Nitrogen Balance and Blood Metabolites of Alpaca (Lama pacos) Fed Three Forages of Different Protein ContentSixteen intact male alpaca consisting of four age groups (AG1, 16 ± 4.4 months, 44.3 ± 9.2 kg; AG2, 25 ± 1.8 months, 51.7 ± 2.3 kg; AG3, 35 ± 1.1 months, 64.7 ± 15.6 kg; and AG4, 60 ± 12.0 months, 67.0 ± 8.2 kg) were housed in metabolism crates (20 °C with 12:12 h on:off light cycle). Three forages, straw (ST), grass hay (GH) and alfalfa (ALF) were fed to each alpaca in random order. The forages were fed at 12 h intervals with water provided ad libitum. Treatment periods were 14 days, with blood samples collected over a 24 h period on day 14 to determine temporal patterns of plasma metabolite and electrolytes. Dry matter intake was lower (P
- Following a small survey of milk constituents in 5 lactating alpacas in south-eastern Australia, it was revealed that the average milk fat content was 4.4%, the average milk protein content was 4.2% and the average milk sugar (lactose) content was 5.8%. Constituents in alpaca milk can vary depending on age of dam, number of days post-partum, nutrition and genetics. Accordingly, alpacas and llamas exhibit small ranges for milk fat (2.7-4.9%), milk protein (3.4-4.5%) and milk sugar (lactose; 5.6-7.4%) in the scientific literature.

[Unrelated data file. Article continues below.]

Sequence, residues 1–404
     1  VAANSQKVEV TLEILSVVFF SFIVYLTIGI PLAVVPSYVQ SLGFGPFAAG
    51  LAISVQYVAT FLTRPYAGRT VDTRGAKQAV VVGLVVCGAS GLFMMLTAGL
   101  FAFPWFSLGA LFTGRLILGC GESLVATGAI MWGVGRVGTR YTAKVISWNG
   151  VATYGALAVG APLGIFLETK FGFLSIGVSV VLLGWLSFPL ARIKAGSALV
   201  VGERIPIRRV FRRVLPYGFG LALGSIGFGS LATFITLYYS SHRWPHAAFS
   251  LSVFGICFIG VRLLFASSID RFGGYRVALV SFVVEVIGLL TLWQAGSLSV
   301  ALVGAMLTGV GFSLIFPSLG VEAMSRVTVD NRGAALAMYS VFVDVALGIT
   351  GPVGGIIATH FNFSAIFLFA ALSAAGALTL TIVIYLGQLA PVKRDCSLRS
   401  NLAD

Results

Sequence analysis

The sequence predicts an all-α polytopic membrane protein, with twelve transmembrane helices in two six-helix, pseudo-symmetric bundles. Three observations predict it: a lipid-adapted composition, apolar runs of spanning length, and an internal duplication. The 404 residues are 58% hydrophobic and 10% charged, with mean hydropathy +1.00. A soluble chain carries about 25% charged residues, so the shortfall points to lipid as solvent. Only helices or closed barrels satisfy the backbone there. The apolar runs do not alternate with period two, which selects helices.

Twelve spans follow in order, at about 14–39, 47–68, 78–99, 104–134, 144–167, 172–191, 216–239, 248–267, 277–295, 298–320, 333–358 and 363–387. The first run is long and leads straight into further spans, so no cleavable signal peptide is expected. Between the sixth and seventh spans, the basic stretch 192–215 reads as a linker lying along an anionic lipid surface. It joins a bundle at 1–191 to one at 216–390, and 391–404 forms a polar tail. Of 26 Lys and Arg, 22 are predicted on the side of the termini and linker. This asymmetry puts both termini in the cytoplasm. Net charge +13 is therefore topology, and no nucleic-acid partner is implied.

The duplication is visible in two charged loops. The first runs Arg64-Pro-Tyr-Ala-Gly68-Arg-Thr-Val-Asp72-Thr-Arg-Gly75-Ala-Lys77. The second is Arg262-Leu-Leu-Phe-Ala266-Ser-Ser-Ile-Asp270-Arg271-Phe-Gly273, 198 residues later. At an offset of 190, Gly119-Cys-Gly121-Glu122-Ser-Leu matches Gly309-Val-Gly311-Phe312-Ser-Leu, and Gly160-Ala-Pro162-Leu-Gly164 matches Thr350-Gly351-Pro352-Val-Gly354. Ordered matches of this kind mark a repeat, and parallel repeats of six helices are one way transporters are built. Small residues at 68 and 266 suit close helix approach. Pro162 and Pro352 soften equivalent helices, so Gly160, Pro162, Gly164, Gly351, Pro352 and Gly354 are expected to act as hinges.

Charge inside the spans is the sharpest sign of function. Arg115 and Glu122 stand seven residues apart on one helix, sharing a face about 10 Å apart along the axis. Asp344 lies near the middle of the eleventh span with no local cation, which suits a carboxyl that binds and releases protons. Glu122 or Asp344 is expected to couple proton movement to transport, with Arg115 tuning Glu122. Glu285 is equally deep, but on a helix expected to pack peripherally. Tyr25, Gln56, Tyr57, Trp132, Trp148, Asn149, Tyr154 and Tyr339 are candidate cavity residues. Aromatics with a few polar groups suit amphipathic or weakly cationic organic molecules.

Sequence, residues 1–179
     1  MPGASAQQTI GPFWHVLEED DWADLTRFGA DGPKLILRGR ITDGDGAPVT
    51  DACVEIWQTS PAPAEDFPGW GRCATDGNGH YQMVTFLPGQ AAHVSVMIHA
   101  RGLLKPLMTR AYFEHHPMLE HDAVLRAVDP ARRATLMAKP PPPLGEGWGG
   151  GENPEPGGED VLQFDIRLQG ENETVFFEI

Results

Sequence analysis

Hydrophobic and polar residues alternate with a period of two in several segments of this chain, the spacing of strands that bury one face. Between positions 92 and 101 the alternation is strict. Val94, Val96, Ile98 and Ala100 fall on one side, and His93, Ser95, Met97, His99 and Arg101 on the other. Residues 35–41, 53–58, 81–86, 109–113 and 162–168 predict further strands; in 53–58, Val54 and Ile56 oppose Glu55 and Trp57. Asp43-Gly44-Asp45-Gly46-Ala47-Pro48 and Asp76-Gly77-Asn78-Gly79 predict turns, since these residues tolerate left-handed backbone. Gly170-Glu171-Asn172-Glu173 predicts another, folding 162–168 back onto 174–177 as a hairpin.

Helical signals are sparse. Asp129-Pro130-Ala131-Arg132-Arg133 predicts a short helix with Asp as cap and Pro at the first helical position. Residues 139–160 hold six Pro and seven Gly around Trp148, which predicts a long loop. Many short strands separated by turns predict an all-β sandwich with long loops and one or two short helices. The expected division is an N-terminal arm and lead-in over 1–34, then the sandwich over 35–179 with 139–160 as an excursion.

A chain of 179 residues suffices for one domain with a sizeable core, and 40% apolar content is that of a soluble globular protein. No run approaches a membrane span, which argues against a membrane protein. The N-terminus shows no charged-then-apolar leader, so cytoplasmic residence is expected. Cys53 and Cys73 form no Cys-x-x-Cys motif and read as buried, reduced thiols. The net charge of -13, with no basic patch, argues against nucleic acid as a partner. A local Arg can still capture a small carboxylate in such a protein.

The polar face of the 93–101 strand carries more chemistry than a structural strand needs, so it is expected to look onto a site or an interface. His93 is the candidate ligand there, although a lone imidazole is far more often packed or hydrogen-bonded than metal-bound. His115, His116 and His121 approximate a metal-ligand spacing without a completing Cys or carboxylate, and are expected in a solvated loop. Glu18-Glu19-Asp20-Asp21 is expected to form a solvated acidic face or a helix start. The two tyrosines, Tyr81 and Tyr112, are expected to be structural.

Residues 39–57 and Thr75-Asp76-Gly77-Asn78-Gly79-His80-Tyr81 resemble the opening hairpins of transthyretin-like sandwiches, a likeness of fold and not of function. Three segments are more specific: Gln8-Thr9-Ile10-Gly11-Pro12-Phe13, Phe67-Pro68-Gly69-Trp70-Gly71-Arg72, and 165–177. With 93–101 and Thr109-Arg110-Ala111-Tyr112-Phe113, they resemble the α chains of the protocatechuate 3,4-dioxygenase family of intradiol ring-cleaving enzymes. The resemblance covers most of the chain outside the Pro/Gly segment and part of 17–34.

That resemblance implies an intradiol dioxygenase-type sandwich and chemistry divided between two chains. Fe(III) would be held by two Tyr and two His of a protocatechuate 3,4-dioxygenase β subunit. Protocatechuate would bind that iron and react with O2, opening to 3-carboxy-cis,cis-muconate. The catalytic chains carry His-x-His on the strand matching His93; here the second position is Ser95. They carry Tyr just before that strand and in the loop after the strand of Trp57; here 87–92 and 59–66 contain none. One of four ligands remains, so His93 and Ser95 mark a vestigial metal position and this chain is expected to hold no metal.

- Bermudagrass is an excellent perennial hot season (southern) grass for grazing alpacas. It produces moderate protein levels, is tremendously productive, lives in marginal soils, and responds well to water and fertilizer. It is superb winter hay quite resistant to rot and mold. Here is some information on its history, cultivation and regional applications.
- Alfalfa (“lucerne” for those “down under”) is leafy forage that is a rich, highly palatable, perennial legume. This type of plant “fixes”atmospheric nitrogen in the root system, converting gaseous nitrogen into plant nitrogen (protein). Like bermuda grass, it is not native to the USA, but likely came in from central Asia and has been known for thousands of years as a superb animal and horse forage. Alfalfa grows almost everywhere in the USA, perhaps best in the mid-south and less so in the upper north.